In another embodiment, the invention provides a method of measuring an intensity of detected radiation in a CT scanner. A radiation source is rotated around an examination region. An analog data signal that varies with an intensity of radiation traversing the examination region is generated. The analog data signal is converted to a digital data signal including aperiodic pulses varying in frequency with the intensity of the radiation traversing the examination region as the radiation source rotates about the examination region. A time signal indicative of data intervals is produced. Average radiation intensity in each data interval is determined by counting the pulses of the digital data signal starting with a digital data signal pulse occurring in a preceding data interval and continuing to a digital data signal pulse occurring in a succeeding data interval.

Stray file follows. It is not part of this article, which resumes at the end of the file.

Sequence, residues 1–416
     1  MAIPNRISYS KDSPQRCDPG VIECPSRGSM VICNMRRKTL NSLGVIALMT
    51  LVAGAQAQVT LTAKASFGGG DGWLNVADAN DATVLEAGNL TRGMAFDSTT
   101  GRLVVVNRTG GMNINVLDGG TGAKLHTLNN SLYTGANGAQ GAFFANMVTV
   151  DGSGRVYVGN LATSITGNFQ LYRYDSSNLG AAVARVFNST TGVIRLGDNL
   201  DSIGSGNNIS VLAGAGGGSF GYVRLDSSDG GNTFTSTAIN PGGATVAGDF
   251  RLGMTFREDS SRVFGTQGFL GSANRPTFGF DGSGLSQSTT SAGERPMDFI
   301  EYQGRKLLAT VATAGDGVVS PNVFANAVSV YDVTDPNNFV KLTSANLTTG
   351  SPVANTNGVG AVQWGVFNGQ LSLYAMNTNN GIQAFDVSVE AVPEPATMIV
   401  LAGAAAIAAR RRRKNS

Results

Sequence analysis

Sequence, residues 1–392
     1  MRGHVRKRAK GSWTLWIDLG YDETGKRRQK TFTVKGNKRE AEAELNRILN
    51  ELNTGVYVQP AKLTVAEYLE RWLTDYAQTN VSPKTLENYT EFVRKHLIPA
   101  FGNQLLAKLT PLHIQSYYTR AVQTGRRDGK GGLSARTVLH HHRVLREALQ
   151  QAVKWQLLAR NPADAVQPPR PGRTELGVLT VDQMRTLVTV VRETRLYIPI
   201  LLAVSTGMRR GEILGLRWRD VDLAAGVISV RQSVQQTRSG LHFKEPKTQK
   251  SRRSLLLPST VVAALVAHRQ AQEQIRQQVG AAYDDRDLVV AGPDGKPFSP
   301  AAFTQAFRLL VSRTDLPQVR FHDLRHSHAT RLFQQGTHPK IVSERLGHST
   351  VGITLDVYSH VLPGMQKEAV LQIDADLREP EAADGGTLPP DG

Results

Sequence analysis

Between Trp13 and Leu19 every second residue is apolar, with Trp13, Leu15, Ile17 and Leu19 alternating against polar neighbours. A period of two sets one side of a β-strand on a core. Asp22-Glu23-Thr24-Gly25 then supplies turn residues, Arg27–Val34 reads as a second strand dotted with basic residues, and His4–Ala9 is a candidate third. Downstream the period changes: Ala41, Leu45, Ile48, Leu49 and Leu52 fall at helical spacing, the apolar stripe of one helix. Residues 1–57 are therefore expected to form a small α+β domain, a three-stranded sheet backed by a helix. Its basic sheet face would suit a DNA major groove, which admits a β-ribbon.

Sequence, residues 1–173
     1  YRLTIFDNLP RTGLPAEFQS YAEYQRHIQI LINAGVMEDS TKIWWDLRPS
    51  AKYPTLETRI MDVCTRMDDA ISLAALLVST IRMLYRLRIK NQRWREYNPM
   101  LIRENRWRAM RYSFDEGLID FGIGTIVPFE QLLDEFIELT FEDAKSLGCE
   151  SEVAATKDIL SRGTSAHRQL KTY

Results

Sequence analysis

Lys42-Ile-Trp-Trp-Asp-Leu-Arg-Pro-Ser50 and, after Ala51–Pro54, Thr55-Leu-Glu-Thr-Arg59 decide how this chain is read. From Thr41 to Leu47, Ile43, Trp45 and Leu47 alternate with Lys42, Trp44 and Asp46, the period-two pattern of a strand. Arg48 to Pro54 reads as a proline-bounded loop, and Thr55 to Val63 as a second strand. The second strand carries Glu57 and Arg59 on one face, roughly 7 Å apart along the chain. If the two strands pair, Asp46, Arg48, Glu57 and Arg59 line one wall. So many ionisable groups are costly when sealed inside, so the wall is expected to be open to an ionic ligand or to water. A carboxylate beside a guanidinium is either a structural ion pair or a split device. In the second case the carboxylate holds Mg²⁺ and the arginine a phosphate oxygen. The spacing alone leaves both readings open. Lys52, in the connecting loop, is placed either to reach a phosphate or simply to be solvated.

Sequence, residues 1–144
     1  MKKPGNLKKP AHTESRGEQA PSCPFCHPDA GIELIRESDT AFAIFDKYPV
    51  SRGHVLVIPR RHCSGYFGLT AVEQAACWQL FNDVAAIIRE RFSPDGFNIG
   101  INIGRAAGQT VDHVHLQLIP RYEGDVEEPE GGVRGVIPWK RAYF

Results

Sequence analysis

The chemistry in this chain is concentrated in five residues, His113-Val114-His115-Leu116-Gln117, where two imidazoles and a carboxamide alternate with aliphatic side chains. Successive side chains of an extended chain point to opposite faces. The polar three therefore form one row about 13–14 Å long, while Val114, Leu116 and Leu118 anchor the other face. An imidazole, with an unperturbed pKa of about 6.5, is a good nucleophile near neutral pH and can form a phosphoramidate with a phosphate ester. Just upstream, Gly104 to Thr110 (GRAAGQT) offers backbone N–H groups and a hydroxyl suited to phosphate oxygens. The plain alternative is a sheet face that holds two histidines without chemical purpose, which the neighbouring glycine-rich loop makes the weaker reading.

In still another embodiment of the invention, an apparatus for measuring an intensity of a detected radiation in a CT scanner includes a channel circuit which generates time-based digital information from an analog data signal for a measured data interval, the time-based digital information including at least one component of the analog data signal from a preceding data interval and a succeeding data interval, a storage circuit which stores the time-based digital information, a control circuit which determines when to store the time-based digital information, and a processor which determines an average intensity of the detected radiation for the measured data interval from the stored time-based digital information.